Tuesday, April 21, 2009

AIPAC caught at it

SEEMS the habit of bugging, like other forms of surveillance, can have its advantages after all. A story about the America-Israel Public Affairs Committee(AIPAC), which is probably America's main Zionist lobby outfit if we leave out the Christian variety, reaches me courtesy of the US West Coast-based Jewish Peace News(JPN).

JPN's Judith Norman writes:

'An AIPAC-related intrigue has come to light. The National Security Agency (NSA) recorded a conversation that took place several years ago between a suspected Israeli agent and Rep. Jane Harman (a Democrat from California). In the conversation, Harman agrees to pressure the Justice Department to ³reduce espionage related charges² against two AIPAC officials. In return, the suspected Israeli agent would help get Harman appointed chair of the Intelligence Committee.

This deal was known, or at least suspected, in 2006. An FBI investigation recording of this conversation has surfaced (the recording came from of a court-approved wiretapping of the suspected agent); and second, that it appears that the FBI investigation against Harman was not dropped for lack of evidence after all. Rather, it was dropped because then-attorney general Alberto Gonzales intervened to get the charges dismissed, so that Harman, a big cheerleader for the Bush administration¹s warrantless wiretapping program, could be free to defend it (this was at the time when news of the program was breaking in the New York Times).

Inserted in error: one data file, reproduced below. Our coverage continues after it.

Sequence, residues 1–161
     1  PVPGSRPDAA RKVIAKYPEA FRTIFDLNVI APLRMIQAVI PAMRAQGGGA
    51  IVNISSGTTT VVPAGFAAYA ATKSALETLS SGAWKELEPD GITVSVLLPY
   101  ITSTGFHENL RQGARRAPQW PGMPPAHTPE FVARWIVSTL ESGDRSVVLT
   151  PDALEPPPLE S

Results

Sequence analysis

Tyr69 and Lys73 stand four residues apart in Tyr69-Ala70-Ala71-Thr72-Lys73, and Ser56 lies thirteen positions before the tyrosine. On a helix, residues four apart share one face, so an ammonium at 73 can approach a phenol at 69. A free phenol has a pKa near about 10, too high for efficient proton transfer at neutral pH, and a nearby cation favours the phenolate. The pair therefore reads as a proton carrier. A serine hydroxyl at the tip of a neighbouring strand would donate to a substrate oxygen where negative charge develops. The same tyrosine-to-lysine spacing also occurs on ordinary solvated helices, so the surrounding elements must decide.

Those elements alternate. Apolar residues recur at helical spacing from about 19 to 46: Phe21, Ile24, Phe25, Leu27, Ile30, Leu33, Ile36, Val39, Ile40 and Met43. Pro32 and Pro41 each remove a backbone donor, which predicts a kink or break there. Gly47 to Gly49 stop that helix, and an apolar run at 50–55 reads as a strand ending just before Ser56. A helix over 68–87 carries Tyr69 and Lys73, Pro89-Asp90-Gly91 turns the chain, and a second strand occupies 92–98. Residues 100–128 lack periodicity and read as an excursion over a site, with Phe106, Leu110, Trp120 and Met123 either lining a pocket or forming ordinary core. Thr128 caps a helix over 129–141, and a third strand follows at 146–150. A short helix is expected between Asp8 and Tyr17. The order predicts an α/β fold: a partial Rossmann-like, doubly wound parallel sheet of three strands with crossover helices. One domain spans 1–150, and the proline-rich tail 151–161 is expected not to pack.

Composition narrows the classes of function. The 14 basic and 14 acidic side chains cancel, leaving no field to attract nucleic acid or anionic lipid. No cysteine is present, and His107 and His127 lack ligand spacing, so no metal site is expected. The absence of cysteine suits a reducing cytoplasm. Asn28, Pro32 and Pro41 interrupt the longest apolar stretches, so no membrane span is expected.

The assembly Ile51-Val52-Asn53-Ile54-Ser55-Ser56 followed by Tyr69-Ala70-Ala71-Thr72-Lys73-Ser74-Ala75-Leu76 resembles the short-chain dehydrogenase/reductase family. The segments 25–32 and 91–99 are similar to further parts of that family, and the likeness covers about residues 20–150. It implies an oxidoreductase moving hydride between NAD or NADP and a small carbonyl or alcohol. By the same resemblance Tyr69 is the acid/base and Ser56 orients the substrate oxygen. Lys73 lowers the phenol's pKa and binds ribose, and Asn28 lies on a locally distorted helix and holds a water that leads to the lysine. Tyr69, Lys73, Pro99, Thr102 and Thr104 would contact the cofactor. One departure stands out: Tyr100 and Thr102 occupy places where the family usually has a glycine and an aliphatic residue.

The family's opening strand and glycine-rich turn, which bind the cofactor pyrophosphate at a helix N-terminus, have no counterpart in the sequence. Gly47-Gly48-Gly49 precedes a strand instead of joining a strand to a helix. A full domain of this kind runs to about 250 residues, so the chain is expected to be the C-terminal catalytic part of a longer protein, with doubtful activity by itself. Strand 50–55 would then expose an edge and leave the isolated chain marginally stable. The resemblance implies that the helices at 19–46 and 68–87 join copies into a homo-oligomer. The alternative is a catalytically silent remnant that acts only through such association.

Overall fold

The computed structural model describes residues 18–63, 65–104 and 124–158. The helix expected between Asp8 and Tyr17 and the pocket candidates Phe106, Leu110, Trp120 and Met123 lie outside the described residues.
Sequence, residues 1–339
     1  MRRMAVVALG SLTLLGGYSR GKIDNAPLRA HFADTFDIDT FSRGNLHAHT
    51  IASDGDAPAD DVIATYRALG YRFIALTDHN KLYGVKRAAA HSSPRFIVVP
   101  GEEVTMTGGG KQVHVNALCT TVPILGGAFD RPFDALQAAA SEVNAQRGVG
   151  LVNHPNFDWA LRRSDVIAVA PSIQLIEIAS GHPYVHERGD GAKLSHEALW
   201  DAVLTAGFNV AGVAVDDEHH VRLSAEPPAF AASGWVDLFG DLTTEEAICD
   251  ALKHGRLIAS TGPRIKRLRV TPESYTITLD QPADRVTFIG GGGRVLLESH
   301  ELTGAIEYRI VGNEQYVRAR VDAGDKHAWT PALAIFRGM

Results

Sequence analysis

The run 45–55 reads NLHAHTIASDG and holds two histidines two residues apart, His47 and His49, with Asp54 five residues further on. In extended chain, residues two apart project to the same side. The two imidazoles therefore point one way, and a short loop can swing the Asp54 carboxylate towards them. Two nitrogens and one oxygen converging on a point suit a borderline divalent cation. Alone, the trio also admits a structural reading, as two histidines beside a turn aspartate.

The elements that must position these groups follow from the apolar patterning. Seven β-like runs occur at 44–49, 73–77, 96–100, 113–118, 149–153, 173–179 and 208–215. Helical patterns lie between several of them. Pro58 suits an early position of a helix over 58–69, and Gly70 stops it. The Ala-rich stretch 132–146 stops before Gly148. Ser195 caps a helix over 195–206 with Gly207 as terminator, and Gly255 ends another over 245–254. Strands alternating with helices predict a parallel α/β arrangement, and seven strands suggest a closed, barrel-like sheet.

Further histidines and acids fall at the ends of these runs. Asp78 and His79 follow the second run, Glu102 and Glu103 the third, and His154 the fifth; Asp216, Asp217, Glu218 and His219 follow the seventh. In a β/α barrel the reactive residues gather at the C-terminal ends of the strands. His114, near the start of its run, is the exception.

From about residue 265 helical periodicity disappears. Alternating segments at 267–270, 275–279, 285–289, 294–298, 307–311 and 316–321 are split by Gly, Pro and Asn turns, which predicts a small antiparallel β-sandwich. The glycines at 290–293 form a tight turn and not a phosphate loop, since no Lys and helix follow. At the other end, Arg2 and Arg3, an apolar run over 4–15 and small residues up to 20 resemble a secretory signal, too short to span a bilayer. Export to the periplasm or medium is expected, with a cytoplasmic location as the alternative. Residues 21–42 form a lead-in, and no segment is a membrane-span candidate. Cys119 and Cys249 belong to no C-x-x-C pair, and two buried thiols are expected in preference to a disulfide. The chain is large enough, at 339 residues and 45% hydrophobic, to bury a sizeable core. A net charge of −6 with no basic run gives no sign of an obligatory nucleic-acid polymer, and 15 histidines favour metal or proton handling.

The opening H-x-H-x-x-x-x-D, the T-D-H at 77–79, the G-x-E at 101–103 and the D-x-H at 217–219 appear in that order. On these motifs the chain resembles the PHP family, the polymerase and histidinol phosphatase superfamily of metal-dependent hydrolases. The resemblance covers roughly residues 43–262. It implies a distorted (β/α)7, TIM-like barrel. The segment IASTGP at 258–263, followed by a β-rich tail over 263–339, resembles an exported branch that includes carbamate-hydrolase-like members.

The deal was ultimately unsuccessful, from the standpoint of the players involved: Harman never got her committee appointment after all, and the two AIPAC officials (Steven J. Rosen and Keith Weissman) still face trial (in June) ­ lest we be tempted to draw conclusions about the omnipotence of AIPAC. What happens next remains to be seen.

There is lots of information about this at:

http://innovation.cq.com/liveonline/54/landing http://www.salon.com/opinion/greenwald/2009/04/20/harman/print.html http://static.cqpolitics.com/harman-3098436-page1.html

Judith Norman


AIPAC might have qualified for the Guiness Book of Records with the number of standing ovations it managed for former Vice President Dick Cheney when he addressed its conference at the hight of his unpopularity with US voters. Well to the right of most American Jewish opinion it could certainly qualify as a laughing stock, if it was not that it still commands big money, and when it speaks, politicians, including it seems Barack Obama, still listen.

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